Courtney Act opened up about her pansexuality, thoughts on gender, racism and taking responsibility publicly in ways many of us won’t even confront privately.
But she’s embracing who she is and facing her own biases head on in a new thought-proving an interview with PinkNews,
“A lot of the confusion for me came from growing up in a world that didn’t really have many options when it came to sexuality or gender. And it’s just been the last sort of five years, since Laverne Cox was on the cover of Time magazine really, that I think the conversation has opened up so much.
As someone who always questioned where they fell on the gender spectrum, that conversation gave me space. Having people like Laverne and Janet Mock and Chaz Bono in the public eye gave me these amazing examples of trans people, who were giving such brilliant conversation, that meant I was able to put aside my internalised transphobia about my own identity and link to it, and explore what that actually meant.
…Chaz Bono and I were talking about gender back in 2013, and he was telling me about his experience. I remember saying to him,
‘Don’t you just think that sometime in the future, trans people will be so accepted that they’ll be able to just live their lives however they feel and not have to undergo medical or surgical transition?’
And he said:
‘No, that’s what you think because that’s who you are.’
I don’t have any body dysmorphia or anything like that, but for Chaz his top surgery was an intrinsic part of his identity. It was the first time that I learnt to accept trans identity through someone else’s experience and not my own life. And that was really powerful.
I grew up in a society where I was taught to be racist. The media had these narratives and these archetypes of not just black people, but all people of color, that represented them in unjust and unfair ways.
That manipulated and demonized them for political gain. When you are confronted with that it can be easy to say,
‘Oh, I’m not racist’.
But as a white person, I now understand that I was brought up in that world. I don’t blame myself for those those racist feelings that I had, but I do take responsibility for them instantly. It’s not inherently who I am, it was something that I’ve learned and it’s something that I can unlearn, and have and continue to unlearn.
It’s something that white people living in the Western world need to consistently unpack, because there are such prominent hallmarks of racism in the communities that we live in.
I think that there’s so much to understand and unpack when it comes to sexual racism in the gay community and the queer community. If you let go of those unconscious biases, you might get laid more often.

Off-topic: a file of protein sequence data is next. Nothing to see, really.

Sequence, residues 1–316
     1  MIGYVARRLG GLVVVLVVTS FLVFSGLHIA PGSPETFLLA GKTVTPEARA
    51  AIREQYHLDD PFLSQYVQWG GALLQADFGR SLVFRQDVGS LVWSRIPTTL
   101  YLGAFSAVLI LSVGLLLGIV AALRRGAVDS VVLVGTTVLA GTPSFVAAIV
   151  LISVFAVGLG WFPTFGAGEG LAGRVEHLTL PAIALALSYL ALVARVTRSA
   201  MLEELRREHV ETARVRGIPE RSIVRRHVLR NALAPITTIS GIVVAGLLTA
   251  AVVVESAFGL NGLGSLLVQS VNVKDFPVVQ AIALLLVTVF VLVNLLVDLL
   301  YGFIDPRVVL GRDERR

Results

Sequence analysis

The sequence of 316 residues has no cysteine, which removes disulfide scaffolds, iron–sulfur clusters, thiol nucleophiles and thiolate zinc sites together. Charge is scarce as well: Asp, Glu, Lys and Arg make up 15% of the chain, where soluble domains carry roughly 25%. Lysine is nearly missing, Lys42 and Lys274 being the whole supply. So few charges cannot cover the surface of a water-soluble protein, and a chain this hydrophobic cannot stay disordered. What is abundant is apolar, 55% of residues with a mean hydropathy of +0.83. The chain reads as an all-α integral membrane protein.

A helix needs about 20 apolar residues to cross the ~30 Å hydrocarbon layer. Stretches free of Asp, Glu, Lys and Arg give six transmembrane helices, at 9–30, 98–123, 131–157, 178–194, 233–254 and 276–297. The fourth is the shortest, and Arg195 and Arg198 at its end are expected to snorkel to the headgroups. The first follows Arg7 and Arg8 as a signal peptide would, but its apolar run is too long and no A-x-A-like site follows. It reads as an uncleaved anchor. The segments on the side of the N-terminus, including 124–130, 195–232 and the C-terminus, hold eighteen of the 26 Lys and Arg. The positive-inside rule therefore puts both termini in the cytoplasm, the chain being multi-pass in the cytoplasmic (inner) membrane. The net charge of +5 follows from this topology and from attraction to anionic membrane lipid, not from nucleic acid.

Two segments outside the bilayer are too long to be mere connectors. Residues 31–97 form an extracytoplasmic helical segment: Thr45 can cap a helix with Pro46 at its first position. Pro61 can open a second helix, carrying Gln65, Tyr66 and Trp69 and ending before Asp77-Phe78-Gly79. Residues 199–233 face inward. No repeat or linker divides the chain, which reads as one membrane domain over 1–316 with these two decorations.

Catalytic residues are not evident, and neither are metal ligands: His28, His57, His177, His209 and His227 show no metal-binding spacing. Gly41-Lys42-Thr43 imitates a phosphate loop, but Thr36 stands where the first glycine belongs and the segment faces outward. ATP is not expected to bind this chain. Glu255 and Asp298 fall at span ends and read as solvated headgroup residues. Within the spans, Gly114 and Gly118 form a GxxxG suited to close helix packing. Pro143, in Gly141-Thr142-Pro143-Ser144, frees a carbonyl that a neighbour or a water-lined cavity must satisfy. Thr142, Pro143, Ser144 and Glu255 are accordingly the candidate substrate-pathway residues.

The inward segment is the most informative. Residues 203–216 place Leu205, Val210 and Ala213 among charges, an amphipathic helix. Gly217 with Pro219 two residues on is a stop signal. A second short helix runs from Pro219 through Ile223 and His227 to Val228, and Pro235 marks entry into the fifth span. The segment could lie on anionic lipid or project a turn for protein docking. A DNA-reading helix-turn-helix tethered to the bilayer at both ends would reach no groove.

I noticed years ago, I would be on Grindr and I just would flip more quickly over profiles of people of color and I would stay longer on profiles of white people.
That was actually the one of the things that was the trigger for me. I was like,
Oh, did you notice that? Why is that? Am I even able to discern whether I like somebody or not that quickly, or am I just using that entire categorisation of a person to swipe them away?’
As an activity I started to actively stay on – and look, some of this is it’s contrived, because it has to be because you’re trying to counteract systems – but I’d be like, “OK, let me just stay on these profiles of people of colour a little bit longer. What do I think? Do I feel attracted? What’s going on when I look at this Black guy or that Asian guy? Does it turn me on, am I turned on by him?”
This is weird because it’s sort of like meditation on Grindr – but if you can, rather than just reacting, rather than just saying yes or no to each photo, take a moment and try, as you see the photograph, to feel what happens in your body. What sensations come up in your body? Are there any memories or thoughts or ideas?
That little act opened my world exponentially.
A lot of the men I sleep with are straight identifying, I often sleep with them as Courtney. By the way I’m not just into straight guys, I’m an equal opportunist – but I wondered why there was that interest in the unobtainable.
Is it just that you want what you can’t have? I examined it and I realized that my sexuality began in puberty, in high school, and I was attracted to the boys who were around me at school. All of them, ostensibly, were straight, so of course, I couldn’t express that attraction to them.
And I would pine away for these boys, who were never going to love me back because I couldn’t even articulate what I was feeling to them, because I was so unaware of what being queer even was, and they were all straight.
That was where my sexuality began, and that’s when my sexuality was stunted, because it wasn’t able to grow beyond that idea of being attracted to these guys who were straight and were never going to love me back.
Even observing that is such a powerful moment. I’m writing my memoir and it has been really powerful. I’m unpacking a lot of formative experiences.”
Fate permitting, Courtney Act’s Fluid will tour the UK and Europe in April 2021. Tickets are on sale here.